Arrest made in breach of L.A. County election worker data

People standing at individual tables with open boxes stretch their arms
L.A. County poll workers stretch during a break while processing mail-in ballots.
(Robert Gauthier / Los Angeles Times)

Los Angeles County prosecutors have accused the chief executive of a small Michigan software company of compromising the personal information of hundreds of county elections employees.

Eugene Yu, 51, was arrested early Tuesday just outside Lansing, Mich., after prosecutors alleged he improperly stored the information on servers in China, according to Los Angeles County Dist. Atty. George Gascón. Yu, who is the chief executive officer of a company named Konnech, is expected to be extradited to Los Angeles in the coming days, Gascón said.

Los Angeles County awarded Konnech a contract in 2020 to store employee payroll and scheduling data using its PollChief software, according to Gascón. Under the five-year contract valued at nearly $3 million, Konnech was not supposed to store information outside the U.S., Gascón said.


“Konnech allegedly violated its contract by storing critical information that the workers provided on servers in China,” Gascón said. “We intend to hold all those responsible for this breach accountable.”

It did not appear any of the information had been sold, and Gascón said Yu’s alleged actions had not compromised an election’s integrity.

Prosecutors learned of the data breach this year through a “separate investigation” undertaken by the district attorney’s office, according to Gascón. He would not say what the other investigation was or exactly when his office became aware of the breach.

In a statement, L.A. County Registrar Dean Logan said he did not learn of the the district attorney’s office’s actions until this morning. A spokesman for the registrar did not respond to questions about the county’s contract with Konnech or a request for a copy of the agreement.

“Storage of data outside the United States is a violation of County information security provisions and the strict provisions of the contract between the vendor and the County of Los Angeles,” Logan said in a statement. “The security and privacy of data and personally identifiable information of election workers is at the core of our mission. My office will fully cooperate with the District Attorney’s office as they conduct their investigation.”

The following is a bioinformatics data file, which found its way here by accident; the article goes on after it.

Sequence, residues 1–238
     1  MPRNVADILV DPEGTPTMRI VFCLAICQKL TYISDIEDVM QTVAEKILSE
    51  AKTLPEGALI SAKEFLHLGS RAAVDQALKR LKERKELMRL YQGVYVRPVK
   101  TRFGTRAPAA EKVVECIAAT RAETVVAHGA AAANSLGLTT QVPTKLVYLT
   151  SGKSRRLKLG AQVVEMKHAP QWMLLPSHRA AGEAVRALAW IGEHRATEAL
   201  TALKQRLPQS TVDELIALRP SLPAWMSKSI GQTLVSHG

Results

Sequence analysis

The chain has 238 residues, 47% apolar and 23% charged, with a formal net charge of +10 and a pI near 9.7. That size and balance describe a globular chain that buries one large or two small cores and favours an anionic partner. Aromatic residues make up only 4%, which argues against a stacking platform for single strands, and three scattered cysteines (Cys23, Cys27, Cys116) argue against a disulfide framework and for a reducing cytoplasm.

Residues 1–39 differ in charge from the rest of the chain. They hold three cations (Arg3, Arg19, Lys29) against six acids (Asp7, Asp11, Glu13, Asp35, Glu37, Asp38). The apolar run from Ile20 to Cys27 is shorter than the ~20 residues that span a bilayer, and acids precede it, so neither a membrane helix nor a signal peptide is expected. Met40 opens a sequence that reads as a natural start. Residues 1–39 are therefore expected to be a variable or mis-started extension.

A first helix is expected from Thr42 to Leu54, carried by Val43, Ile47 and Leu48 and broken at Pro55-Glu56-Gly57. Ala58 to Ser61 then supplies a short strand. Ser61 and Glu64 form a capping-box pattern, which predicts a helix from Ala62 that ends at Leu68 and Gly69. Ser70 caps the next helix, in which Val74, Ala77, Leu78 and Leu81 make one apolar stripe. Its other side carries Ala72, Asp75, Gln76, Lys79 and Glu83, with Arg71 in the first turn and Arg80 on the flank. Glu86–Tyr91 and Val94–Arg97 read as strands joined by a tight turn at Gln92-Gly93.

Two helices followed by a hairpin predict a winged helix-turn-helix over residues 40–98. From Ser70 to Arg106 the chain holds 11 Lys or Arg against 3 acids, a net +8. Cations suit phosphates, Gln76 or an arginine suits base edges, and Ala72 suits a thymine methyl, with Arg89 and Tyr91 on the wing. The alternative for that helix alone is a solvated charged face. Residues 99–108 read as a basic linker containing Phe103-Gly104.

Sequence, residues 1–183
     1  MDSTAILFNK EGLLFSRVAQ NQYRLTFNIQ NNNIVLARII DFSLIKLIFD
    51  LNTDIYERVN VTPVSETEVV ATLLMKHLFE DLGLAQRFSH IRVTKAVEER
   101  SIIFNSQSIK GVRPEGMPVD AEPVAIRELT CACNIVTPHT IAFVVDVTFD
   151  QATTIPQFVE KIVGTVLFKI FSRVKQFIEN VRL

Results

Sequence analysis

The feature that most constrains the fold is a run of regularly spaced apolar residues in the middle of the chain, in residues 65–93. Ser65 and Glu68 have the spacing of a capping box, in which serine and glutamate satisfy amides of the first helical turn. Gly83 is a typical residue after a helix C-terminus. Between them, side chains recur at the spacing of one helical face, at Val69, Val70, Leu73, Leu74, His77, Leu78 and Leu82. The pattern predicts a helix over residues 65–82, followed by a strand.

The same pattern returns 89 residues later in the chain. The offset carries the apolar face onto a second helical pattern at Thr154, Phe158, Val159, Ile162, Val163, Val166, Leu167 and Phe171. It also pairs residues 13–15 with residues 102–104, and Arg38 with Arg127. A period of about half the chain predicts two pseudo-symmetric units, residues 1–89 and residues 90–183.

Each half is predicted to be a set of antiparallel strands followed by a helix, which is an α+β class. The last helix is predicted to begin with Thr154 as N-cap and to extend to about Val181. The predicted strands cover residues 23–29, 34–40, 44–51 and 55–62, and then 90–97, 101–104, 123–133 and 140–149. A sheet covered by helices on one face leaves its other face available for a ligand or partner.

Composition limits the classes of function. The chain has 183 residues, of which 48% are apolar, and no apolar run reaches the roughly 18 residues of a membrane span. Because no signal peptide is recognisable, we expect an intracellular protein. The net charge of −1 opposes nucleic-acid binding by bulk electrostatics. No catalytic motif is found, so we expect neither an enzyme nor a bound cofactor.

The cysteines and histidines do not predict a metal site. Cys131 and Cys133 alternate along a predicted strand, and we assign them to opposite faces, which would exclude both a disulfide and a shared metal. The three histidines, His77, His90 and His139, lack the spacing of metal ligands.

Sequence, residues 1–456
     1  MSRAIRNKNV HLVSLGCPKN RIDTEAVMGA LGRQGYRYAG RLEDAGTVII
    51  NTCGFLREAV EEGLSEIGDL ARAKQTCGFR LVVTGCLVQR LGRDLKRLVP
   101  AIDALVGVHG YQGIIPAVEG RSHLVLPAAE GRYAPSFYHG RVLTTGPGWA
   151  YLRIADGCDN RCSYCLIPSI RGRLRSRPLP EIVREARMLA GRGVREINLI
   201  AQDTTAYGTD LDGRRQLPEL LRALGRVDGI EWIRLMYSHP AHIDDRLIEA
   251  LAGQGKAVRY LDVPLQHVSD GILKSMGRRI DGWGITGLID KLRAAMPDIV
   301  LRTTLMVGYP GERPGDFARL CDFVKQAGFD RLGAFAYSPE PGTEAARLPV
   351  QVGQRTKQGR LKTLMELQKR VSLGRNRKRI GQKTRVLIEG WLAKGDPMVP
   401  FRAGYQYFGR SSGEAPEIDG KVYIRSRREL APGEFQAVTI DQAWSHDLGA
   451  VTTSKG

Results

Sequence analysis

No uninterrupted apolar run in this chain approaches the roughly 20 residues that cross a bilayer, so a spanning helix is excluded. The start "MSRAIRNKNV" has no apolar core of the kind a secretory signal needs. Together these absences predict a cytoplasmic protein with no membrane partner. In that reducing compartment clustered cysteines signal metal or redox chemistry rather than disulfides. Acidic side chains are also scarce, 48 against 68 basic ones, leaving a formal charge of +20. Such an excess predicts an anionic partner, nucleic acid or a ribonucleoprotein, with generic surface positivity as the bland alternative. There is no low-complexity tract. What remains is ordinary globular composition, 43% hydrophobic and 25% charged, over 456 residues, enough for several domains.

Konnech had become the target of unfounded conspiracy theories related to the 2020 presidential election recently, according to a New York Times report published Monday. Election deniers have claimed that the small company has ties to the Chinese Communist Party and gave the Chinese government access to the personal information of 2 million poll workers, according to the report, which said there was no evidence of those claims.

Konnech employees began receiving death threats and Yu denied all allegations of wrongdoing in an interview with the New York Times. He told the newspaper all of its information was stored on American servers. Yu, who immigrated to the U.S. in 1986, went into hiding because of threats to his family, according to the report.

Many of the allegations about poll worker information made against Konnech came from a group called True the Vote, a nonprofit founded by Catherine Engelbrecht, a prominent right-wing figure who believes the 2020 election was stolen from Donald Trump. Konnech has sued True the Vote for defamation.

Late Tuesday, a New Jersey-based public relations firm issued a statement to The Times on behalf of Konnech. The statement referred to Yu’s arrest as a “wrongful detention” and suggested the prosecution was somehow connected to the True the Vote lawsuit. The person who issued the statement did not immediately respond to follow-up questions.

“Any L.A. County poll worker data that Konnech may have possessed was provided to it by L.A. County, and therefore could not have been ‘stolen’ as suggested,” the statement read.